INDIANAPOLIS (AP) — Michigan State coach Tom Izzo thought he had seen everything during his 25-year tenure.
Then came this season, in which three teams with six Big Ten losses shared the league’s regular-season crown and as many as 11 remain hopeful of making the NCAA Tournament’s 68-team field.
Izzo doesn’t expect things to get any easier over the next five days at the Big Ten Tournament.
“It’s been the most difficult (season) in my 25 years,” Izzo said. “There’s so many teams that can win it, I think it will be probably the most exciting tournament since they started this thing.”
No. 18 Wisconsin (21-10) won its last eight to take the top seed. The second-seeded Spartans (22-9), winners of five straight and ranked No. 9, find themselves in ideal position. Of the 22 previous tourney champs, 16 were seeded either first or second.
Just how good is the Big Ten?
Last week, eight teams appeared in the Top 25. Ten are projected to make the NCAA tourney. And the top seven spots and nine of the top 12 in strength of schedule are occupied by Big Ten schools, according to ESPN.
“It feels good to get a share of the title in the best conference I’ve ever coached in,” said Mark Turgeon, coach of No. 12 Maryland (24-7). “Day in, day out, it was difficult.”
Wisconsin, Michigan State, the third-seeded Terrapins (24-7) and No. 21 Illinois (21-10), the No. 4 seed, will have a slightly easier path to the tourney title after earning double byes into Friday’s quarterfinals.
But with so many teams playing for such high stakes, it should be wide open — and worth watching.
“I think for fans and for those that love the game, media that cover it and fans of all the teams, it’s going to be an electric tournament,” said Chris Holtmann, coach of No. 19 Ohio State (21-10), the No. 7 seed.
ALL OR NOTHING?
Tenth-seeded Purdue (16-15) could have the most at stake in Indy.
The Boilermakers are No. 33 in the NET rankings, are No. 3 in strength of schedule by some rankings and have double-digit wins over No. 17 Virginia and Michigan State, plus a sweep of No. 25 Iowa. Still, coach Matt Painter isn’t sure his team has done enough yet to count on a March Madness berth.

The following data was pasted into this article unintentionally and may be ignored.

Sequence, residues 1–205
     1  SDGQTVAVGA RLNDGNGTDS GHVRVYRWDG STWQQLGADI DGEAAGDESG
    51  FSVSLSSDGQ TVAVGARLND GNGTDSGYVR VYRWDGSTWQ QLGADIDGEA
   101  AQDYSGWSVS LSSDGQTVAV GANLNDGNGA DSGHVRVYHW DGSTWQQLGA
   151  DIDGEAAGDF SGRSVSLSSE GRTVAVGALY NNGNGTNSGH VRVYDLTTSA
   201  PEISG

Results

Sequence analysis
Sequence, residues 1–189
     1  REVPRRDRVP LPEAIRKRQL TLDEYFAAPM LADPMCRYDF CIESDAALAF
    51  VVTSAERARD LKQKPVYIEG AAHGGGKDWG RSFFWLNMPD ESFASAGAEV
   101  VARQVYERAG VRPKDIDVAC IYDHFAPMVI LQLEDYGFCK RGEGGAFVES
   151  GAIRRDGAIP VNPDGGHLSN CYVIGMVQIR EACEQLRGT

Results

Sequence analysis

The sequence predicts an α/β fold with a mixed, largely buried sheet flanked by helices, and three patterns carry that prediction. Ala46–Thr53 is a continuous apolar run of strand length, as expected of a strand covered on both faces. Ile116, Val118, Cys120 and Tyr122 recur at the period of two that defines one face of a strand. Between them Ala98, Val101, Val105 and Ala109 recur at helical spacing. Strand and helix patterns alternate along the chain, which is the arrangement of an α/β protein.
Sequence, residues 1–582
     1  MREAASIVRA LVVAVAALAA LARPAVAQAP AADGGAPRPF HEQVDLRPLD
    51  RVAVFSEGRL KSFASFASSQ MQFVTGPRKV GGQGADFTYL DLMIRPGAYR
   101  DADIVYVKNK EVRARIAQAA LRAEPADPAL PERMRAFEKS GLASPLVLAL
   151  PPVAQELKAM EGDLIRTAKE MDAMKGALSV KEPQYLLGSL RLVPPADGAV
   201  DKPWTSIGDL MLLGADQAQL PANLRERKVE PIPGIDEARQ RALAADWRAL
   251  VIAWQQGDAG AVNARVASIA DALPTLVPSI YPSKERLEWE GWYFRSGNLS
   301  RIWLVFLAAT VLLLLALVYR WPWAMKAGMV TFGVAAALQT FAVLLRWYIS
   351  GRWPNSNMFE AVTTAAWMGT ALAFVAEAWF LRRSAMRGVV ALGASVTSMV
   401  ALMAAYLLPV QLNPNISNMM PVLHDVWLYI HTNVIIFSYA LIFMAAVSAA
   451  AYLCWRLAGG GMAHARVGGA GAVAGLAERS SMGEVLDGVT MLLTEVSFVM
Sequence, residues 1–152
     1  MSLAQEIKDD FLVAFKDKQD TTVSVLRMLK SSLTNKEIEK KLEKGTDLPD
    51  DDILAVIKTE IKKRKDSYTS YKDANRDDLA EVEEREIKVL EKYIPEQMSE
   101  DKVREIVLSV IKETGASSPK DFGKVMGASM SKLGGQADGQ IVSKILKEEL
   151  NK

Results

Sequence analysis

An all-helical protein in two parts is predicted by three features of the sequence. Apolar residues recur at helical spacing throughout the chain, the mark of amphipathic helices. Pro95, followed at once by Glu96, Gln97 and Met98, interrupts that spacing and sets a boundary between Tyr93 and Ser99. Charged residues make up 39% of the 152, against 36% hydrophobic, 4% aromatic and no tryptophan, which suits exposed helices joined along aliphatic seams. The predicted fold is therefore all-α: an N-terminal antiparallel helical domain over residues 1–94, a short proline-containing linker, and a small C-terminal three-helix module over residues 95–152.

“I think if we would have won a game or two, I’d say we’d be right there,” Painter said. “I’d say losing our last game with the amount of losses we have, we probably have to win four games to get into the tournament.”
Purdue faces Ohio State on Thursday.
Sixth-seeded Penn State and eighth-seeded Rutgers enter this year’s tournament in new roles — legitimate contenders.
The Nittany Lions are chasing only their second semifinal appearance since 2012. Rutgers has never been past the quarterfinals.
To achieve those goals, though, coaches Patrick Chambers and Steve Pikiell know what must be done.
“We looked mentally and physically weary down the stretch,” Chambers said of his Nittany Lions. “We need to get back to the way we were playing, fast.”
Pikiell made it even simpler: “We have to play really well here, we can’t reinvent the wheel.”
Rutgers opens play Thursday against ninth-seeded Michigan (19-12) while the Nittany Lions (21-10) play either Nebraska (7-24) or Indiana (19-12).
FRONT AND CENTER
In a league known for its physical style, three big men should shine under the bright lights: Luka Graza of Iowa, Daniel Oturu of Minnesota and Jalen Smith of Maryland.
Garza, the Big Ten player of the year, fell just short of averaging a double-double with the Hawkeyes, averaging a league-best 23.9 points and 9.8 rebounds.
“It’s just a never ending pursuit of excellence that you just don’t often see and there never seems to be any stop in his desire to be better,” said Fran McCaffery, coach of the fifth-seeded Hawkeyes.
In any other year, Oturu might have been player of the year. He finished second to Garza in scoring (20.0) and led the league in rebounding (11.4), earning second-team all-conference honors.
“He’s been very, very productive,” Minnesota coach Richard Pitino said. “I think the greatest improvement he’s had is endurance.”
The 12th-seeded Gophers (14-16) face 13th-seeded Northwestern (8-22) on Wednesday.
Smith, a first-team all-conference selection, was seventh in scoring (15.5 points) and second in rebounding (10.5).
HOOSIERS vs. “HOOSIERS”
Nebraska, the No. 14 seed, played last weekend with a seven-man roster, four of whom are freshmen. The Cornhuskers open play Wednesday against 11th-seeded Indiana with a nine-man roster after adding two football players: 6-foot-1 guard Noah Vedral, a backup quarterback and 6-7, 300-pound forward Brant Banks, an offensive lineman.
The moves come after coach Fred Hoiberg announced two suspended players — guards Cam Mack and Dachon Burke Jr. — would not travel to Indy.
“The way I look at it right now,” Hoiberg said, “is we have to make decisions that are in the best interest in our program.”